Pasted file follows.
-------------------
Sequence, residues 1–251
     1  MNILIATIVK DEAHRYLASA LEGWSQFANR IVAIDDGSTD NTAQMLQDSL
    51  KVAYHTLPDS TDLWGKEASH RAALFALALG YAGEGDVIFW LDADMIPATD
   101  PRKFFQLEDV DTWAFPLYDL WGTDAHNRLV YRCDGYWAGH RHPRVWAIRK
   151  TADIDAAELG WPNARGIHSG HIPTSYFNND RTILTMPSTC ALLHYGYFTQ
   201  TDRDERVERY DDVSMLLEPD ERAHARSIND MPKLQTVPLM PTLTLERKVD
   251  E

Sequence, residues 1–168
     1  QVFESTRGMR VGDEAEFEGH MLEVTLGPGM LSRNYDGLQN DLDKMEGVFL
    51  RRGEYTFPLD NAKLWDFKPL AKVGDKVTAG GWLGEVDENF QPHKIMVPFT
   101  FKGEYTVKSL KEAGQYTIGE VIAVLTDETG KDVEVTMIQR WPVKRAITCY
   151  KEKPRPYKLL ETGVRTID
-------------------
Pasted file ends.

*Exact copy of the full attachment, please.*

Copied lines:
Sequence, residues 1–251
     1  MNILIATIVK DEAHRYLASA LEGWSQFANR IVAIDDGSTD NTAQMLQDSL
    51  KVAYHTLPDS TDLWGKEASH RAALFALALG YAGEGDVIFW LDADMIPATD
   101  PRKFFQLEDV DTWAFPLYDL WGTDAHNRLV YRCDGYWAGH RHPRVWAIRK
   151  TADIDAAELG WPNARGIHSG HIPTSYFNND RTILTMPSTC ALLHYGYFTQ
   201  TDRDERVERY DDVSMLLEPD ERAHARSIND MPKLQTVPLM PTLTLERKVD
   251  E

Sequence, residues 1–168
     1  QVFESTRGMR VGDEAEFEGH MLEVTLGPGM LSRNYDGLQN DLDKMEGVFL
    51  RRGEYTFPLD NAKLWDFKPL AKVGDKVTAG GWLGEVDENF QPHKIMVPFT
   101  FKGEYTVKSL KEAGQYTIGE VIAVLTDETG KDVEVTMIQR WPVKRAITCY
   151  KEKPRPYKLL ETGVRTID